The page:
In 1377 became King Richard II. He married twice; Anne of Bohemia in 1383 and Isabelle of Valois in 1396. Richard was forced to abdicate his throne in favour of Henry of Bolingbroke. He spent his remaining years as a prisoner of Pontefract Castle, and on the 14thFebruary 1400 was murdered or the result of being starved to death.
Henry of Monmouth was born on the 9thAugust 1387 at Monmouth Castle to parents Henry IV and Mary de Bohun. On the 15thOctober 1399, became the Duke of Lancaster and Prince of Wales.
In 1413 Henry of Monmouth succeeded his father as King Henry V. Henry married Catherine of Valois, and their marriage bore one child, the future Henry VI. On the 31stAugust 1422 Henry died of dysentery at Bois de Vincennes whilst on a military campaign in France. His body was returned to England, for burial in Westminster Abbey.
Edward of Westminster was born on the 13thOctober 1453 at Westminster to parents Henry VI and Margaret of Anjou. On the 15thMarch 1454, was made Prince of Wales at Windsor.
Edward was forced into exile along with his mother, following his father being deposed by the Yorkists. In December of 1470 married Anne Neville. On the 4thMay 1471 died in or thereafter at the Battle of Tewksbury, where he fought to restore his father’s throne.
Edward of Sanctuary was born on the 4thNovember within the sanctuary of Westminster Abbey to parents Edward IV and Elizabeth Woodville, and on the 26thJune 1471, received the title; Prince of Wales.
On the 9thApril 1483, he was supposed to succeed his father as King Edward V, but his throne was usurped by his uncle, Richard the Duke of Gloucester. Edward V and his younger brother, Richard the duke of York were imprisoned in the Tower of London and believed murdered by order of Richard III (Duke of Gloucester).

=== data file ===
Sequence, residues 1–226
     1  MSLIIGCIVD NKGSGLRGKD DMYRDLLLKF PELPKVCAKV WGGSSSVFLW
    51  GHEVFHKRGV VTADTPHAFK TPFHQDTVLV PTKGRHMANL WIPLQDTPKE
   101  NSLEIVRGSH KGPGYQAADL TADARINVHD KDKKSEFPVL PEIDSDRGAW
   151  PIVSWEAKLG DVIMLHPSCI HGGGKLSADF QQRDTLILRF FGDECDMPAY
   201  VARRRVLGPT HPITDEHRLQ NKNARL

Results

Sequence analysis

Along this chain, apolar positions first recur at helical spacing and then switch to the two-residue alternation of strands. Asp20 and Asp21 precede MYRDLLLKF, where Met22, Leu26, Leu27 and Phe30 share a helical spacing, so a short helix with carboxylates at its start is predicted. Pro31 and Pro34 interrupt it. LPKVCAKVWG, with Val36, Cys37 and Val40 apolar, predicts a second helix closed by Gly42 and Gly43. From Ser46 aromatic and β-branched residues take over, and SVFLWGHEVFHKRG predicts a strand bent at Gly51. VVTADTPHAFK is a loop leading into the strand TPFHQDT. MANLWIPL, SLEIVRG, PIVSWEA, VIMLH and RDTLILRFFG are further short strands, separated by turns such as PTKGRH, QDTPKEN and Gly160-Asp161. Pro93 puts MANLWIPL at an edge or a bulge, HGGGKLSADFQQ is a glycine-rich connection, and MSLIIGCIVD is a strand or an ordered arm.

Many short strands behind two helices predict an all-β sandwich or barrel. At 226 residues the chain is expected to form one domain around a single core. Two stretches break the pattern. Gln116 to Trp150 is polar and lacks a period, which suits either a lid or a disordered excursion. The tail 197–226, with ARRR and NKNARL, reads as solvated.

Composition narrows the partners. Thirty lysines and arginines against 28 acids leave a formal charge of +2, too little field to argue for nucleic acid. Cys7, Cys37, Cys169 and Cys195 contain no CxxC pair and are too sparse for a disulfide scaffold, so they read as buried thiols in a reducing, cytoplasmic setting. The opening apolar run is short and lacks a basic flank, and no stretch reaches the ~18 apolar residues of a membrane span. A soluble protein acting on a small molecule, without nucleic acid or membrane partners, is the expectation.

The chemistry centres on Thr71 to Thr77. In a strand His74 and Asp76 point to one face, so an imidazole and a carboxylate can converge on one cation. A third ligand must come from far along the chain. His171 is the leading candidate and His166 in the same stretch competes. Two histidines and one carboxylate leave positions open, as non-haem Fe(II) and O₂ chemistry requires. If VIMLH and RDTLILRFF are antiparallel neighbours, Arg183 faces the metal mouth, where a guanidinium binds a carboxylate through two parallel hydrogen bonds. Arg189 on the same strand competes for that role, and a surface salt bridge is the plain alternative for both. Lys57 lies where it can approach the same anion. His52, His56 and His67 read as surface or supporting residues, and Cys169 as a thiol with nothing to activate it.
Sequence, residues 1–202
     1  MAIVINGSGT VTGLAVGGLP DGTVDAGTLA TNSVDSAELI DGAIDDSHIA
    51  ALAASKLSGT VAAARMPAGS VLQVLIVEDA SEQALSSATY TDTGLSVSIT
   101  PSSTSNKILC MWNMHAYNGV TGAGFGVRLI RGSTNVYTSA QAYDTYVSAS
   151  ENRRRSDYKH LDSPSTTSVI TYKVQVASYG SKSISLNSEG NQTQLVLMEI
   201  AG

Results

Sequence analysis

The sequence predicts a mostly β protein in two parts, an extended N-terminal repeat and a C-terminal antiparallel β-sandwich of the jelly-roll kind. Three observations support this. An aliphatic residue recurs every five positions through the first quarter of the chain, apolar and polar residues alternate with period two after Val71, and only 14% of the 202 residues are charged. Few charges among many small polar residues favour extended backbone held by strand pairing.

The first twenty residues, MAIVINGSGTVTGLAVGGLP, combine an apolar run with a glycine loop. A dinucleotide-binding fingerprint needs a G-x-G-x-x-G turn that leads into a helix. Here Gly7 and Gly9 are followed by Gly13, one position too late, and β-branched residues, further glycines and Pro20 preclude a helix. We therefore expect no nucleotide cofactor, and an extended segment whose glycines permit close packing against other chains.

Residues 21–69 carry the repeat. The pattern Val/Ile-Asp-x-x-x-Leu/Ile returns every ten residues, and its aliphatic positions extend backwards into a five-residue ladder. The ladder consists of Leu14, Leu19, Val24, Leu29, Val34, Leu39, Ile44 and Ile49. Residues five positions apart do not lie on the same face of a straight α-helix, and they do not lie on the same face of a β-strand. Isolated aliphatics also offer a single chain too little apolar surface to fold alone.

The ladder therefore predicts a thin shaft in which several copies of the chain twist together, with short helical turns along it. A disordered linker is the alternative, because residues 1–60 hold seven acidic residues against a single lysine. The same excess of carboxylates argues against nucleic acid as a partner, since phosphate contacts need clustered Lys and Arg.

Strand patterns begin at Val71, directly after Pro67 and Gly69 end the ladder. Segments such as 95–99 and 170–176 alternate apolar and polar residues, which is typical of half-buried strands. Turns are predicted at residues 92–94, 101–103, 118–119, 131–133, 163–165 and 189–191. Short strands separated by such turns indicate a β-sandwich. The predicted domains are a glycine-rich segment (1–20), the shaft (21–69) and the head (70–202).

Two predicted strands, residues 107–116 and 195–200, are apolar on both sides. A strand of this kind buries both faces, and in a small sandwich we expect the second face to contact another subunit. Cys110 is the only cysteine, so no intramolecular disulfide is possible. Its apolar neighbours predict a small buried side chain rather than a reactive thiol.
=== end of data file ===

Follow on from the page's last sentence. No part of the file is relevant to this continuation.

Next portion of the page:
Edward of Middleham was born in 1473 at Middleham Castle to parents Richard III and Anne Neville. In 1478 he received the title Earl of Salisbury and on the 24thaugust 1483 was made Prince of Wales at York Minster.
On the 9thApril 1484, Edward died and was buried at Sherrif Hutlon Church in Yorkshire.
Arthur Tudor was born on the 20thSeptember 1486 at Winchester to parents Henry VII and Elizabeth of York. He received the title; Prince of Wales on the 29thNovember 1489 and invested with the title on the 27thFebruary 1490 at Westminster.
Arthur married Princess Katherine of Aragon in November 1501 at St.Paul’s Cathedral.
On the 20thApril 1502, died at Ludlow Castle and was buried at Worcester Cathedral.
Henry Tudor the future Henry VIII was born on the 28thJune 1491 at Greewich, to parents Henry VII and Elizabeth of York. He received the title Duke of York in 1494. With the death of his brother Arthur, received the title Prince of Wales on the 18thFebruary 1504.
In 1509, Henry Tudor became King Henry VIII with the death of his father Henry VII. He went on to marry six times. He died on the 28thJanuary 1547 at the Palace of Whitehall, and was laid to rest alongside his third wife Jane Seymour at St. George’s Chapel in Windsor Castle.
Henry Frederick Stuart was born on the 19thFebruary 1594 at Stirling Castle, Scotland to parents James VI of Scotland (Later James I of England) and Anne of Denmark. At birth he received the itiles; Duke of Rothesay, Earl of Carrick and Lord of the Isles. In 1603 when his father became James I of England, he was made Duke of Cornwall.
On the 4thJune 1610, he received the title Prince of Wales at Westminster. On the 6thNovember 1612 he died and was buried at Westminster Abbey.
Charles Stuart was born on the 19thNovember 1600 at Dumferline Palace, Fife, second son of James VI of Scotland (Later James I of England) and Anne of Denmark.
In 1603 received the title; Duke of Albany and Duke of York in 1605. On the 4thNovember 1616, was made Prince of Wales. With the death of his father on the 27thMarch 1625, became King Charles I in 1625. On the 13thJune married Henrietta Maria of France.